Maryland gets $22 million toward new Amtrak bridge
Maryland has been awarded $22 million in federal high-speed rail money for engineering and environmental work to replace the century-old Susquehanna River Bridge on Amtrak's Northeast Corridor.
The money directed to Maryland comes from the $2 billion rejected by Florida Gov. Rick Scott for a high-speed rail project in that state. According to the U.S. Department of Transportation, the current Susquehanna bridge causes frequent delays because of the frequent need for critical maintenance work.
The $22 million is part of the $795 million redirected to the Northeast Corridor to increase the speed of travel on the line from Washington to Boston.
Some of the other projects on Maryland's wish list did not make the cut. After Scott ended his state's participation in the proposed high-speed line from Tampa to Orlando, Maryland applied for $450 million in federal grants toward projects including replacement of bridges over the Bush and Gunpowder rivers, a new station at BWI Marshall Airport and replacement of the B&P Tunnel leading into Baltimore's Penn Station.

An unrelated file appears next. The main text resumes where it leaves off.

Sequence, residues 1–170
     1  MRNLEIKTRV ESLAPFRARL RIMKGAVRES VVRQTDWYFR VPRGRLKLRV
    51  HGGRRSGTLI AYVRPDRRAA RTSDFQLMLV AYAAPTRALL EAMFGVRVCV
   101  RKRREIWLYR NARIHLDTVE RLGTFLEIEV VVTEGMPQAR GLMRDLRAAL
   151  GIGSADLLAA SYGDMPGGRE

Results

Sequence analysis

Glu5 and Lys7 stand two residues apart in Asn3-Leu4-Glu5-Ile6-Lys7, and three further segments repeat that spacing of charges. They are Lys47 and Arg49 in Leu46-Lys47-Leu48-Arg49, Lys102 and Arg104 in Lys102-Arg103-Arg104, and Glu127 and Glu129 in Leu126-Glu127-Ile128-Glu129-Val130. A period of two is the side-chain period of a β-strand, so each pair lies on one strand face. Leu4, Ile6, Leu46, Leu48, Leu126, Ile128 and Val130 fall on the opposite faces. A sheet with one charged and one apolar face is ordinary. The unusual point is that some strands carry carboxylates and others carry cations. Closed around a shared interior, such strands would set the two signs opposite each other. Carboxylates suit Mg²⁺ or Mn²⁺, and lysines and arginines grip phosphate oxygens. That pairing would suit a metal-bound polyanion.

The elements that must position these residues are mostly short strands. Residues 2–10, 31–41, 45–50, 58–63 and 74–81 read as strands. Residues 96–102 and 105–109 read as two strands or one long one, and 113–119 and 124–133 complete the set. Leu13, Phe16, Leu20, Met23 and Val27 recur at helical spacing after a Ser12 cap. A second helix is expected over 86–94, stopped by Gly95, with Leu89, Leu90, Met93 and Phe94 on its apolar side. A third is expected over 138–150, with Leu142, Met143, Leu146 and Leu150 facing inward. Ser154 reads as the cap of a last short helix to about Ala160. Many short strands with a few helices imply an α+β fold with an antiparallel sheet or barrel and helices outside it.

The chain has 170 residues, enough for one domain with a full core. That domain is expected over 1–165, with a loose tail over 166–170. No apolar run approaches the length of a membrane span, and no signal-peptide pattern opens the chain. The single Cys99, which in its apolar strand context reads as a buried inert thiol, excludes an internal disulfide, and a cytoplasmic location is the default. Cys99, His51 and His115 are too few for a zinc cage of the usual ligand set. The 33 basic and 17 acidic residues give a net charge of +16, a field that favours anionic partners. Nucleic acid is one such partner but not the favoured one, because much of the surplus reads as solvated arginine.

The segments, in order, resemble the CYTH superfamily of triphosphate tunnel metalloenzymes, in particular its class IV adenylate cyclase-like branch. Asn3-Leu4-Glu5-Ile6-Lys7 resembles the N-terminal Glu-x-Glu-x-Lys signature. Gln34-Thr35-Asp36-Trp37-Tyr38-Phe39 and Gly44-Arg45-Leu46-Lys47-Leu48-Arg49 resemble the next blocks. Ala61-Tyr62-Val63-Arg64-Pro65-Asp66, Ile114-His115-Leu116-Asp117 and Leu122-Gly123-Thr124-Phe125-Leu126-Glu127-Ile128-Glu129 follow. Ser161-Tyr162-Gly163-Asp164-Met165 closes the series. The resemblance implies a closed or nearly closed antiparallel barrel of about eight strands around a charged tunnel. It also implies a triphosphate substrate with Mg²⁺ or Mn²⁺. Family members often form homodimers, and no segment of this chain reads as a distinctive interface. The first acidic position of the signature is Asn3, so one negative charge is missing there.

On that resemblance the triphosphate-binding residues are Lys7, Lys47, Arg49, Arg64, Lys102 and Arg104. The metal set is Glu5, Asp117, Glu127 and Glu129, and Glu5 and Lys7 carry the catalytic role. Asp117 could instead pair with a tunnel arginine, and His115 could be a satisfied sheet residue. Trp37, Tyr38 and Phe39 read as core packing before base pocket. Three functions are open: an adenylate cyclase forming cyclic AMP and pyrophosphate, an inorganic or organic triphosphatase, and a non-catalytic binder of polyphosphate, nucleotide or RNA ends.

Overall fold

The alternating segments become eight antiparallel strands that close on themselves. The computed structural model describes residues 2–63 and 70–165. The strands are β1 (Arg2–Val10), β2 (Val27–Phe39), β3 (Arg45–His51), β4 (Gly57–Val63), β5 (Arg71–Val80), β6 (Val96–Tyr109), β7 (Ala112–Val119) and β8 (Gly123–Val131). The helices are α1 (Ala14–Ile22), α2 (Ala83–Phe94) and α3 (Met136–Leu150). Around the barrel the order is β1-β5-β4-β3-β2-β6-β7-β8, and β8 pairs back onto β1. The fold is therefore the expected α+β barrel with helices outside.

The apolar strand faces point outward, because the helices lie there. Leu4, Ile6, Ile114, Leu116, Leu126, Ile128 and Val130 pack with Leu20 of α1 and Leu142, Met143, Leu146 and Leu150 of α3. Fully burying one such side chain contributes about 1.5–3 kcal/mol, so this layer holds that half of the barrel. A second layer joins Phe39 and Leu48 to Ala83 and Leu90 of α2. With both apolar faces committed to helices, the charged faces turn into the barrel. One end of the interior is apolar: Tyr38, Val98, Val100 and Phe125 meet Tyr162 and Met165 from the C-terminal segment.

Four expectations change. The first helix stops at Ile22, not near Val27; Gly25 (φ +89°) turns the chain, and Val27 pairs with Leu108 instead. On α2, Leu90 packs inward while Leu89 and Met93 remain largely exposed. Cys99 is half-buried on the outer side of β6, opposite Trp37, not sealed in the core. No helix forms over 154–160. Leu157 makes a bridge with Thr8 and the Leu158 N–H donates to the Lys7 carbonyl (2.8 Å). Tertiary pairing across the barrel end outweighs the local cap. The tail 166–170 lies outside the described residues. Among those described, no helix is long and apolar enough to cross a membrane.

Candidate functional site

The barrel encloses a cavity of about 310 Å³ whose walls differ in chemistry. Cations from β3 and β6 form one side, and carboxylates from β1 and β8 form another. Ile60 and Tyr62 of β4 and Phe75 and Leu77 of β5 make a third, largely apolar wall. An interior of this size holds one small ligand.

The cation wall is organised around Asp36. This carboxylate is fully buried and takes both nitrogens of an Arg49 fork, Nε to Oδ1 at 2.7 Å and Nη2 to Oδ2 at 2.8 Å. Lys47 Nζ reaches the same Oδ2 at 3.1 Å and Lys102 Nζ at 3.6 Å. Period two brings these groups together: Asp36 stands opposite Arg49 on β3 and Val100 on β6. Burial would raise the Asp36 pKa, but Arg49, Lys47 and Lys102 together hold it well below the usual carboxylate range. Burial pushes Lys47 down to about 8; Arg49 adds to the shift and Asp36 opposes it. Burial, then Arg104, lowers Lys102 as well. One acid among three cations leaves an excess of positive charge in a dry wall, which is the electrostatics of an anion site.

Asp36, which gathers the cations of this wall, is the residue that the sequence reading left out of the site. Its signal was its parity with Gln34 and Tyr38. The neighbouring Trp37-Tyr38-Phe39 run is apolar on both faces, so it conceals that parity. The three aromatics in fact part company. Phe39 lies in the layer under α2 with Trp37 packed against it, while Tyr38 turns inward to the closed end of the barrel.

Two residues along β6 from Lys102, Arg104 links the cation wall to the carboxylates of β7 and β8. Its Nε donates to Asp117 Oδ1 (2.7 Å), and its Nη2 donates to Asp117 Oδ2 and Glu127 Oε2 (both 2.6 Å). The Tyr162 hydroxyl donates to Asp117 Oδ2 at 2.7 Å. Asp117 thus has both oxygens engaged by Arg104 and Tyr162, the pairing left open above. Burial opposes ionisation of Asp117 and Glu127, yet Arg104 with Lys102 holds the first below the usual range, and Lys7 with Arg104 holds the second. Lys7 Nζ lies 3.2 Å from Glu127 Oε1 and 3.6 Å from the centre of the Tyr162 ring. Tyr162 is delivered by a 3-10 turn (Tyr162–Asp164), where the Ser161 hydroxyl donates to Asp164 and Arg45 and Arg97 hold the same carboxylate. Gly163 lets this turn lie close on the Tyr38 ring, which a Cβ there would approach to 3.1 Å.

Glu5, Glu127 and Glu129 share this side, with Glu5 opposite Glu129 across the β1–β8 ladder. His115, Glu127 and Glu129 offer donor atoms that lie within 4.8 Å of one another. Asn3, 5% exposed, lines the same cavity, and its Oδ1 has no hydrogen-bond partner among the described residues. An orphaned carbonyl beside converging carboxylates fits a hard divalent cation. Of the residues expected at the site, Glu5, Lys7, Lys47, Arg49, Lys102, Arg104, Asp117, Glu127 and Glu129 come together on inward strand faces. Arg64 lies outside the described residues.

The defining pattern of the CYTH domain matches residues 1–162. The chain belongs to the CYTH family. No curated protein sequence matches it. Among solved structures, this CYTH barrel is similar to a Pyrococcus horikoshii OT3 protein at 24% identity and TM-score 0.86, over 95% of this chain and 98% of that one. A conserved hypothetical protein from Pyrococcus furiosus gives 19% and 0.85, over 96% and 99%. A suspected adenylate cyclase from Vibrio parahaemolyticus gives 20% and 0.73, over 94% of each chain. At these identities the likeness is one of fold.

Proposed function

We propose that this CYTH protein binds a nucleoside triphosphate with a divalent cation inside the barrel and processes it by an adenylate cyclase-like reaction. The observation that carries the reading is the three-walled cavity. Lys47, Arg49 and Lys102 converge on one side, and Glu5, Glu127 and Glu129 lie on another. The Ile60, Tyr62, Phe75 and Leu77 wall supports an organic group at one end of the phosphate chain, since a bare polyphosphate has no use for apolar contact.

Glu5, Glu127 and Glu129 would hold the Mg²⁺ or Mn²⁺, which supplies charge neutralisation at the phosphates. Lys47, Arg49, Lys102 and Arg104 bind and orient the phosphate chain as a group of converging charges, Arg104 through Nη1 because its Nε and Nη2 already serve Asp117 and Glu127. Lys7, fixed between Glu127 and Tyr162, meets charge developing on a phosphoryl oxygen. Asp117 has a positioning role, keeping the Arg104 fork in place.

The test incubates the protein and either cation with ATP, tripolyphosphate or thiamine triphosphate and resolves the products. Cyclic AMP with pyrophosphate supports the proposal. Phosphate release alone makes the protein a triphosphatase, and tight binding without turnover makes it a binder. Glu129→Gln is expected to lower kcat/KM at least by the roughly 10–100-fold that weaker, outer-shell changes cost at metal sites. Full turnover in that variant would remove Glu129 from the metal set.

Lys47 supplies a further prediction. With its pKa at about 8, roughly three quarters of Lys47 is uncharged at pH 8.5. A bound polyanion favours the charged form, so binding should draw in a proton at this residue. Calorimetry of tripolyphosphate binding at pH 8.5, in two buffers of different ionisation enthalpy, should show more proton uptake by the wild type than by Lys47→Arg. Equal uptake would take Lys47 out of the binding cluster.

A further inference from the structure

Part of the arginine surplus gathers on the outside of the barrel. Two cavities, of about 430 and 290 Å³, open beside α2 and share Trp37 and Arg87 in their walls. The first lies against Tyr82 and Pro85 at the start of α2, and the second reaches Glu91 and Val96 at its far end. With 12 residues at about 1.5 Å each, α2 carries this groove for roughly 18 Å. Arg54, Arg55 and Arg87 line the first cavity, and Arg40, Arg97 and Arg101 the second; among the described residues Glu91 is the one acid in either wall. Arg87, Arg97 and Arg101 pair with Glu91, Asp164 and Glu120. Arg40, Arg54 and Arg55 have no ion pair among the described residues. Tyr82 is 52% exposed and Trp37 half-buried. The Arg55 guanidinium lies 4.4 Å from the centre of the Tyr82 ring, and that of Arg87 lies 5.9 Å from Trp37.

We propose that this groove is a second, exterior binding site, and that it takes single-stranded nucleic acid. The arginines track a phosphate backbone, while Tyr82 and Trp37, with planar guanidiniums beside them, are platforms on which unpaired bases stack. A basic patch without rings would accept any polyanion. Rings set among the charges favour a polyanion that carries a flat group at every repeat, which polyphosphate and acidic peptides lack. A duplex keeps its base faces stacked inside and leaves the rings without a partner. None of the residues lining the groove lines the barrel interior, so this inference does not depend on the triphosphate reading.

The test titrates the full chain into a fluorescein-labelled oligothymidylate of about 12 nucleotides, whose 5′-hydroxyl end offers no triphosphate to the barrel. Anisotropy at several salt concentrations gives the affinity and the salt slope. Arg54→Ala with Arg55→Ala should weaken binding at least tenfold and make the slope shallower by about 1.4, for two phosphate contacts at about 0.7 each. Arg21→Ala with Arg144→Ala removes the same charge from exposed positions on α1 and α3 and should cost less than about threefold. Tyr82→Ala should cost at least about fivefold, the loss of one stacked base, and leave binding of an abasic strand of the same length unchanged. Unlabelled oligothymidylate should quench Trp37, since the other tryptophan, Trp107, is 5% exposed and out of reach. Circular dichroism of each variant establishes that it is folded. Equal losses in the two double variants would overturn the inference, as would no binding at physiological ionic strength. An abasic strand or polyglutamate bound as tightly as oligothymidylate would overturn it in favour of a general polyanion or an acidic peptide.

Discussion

In addition to the money Maryland will receive, the Federal Railroad Administration announced it would direct $450 million to Amtrak itself for improvements to the power, signal and track systems on the Northeast Corridor. Amtrak said that money would be used to improve a heavily used section of the corridor between Morrisville, Pa., and New Brunswick, N.J., as well as to overhaul track switches at New York's Penn Station.
Amtrak said the track, signal and power line improvements will let it increase the maximum speed of its Acela trains along the 24-mile segment of the corridor from Morrisville, across the Delaware River from Trenton, N.J., to New Brunswick, from 135 mph to 160 mph. The railroad said the project is part of a plan to add six New- York-Washington Acela round-trip trains to its schedule by 2018 and 15 by 2022.
In addition to Maryland, Rhode Island and New York were awarded money for improvements to the corridor. New York was allocated $295 million for a track project to alleviate delays in Manhattan, while Rhode island will receive $28 million for track and station improvements.
Other projects receiving large grants from the money Florida spurned were a high-speed rail line between Los Angeles and San Francisco and improvements to the corridor between Chicago and St. Louis.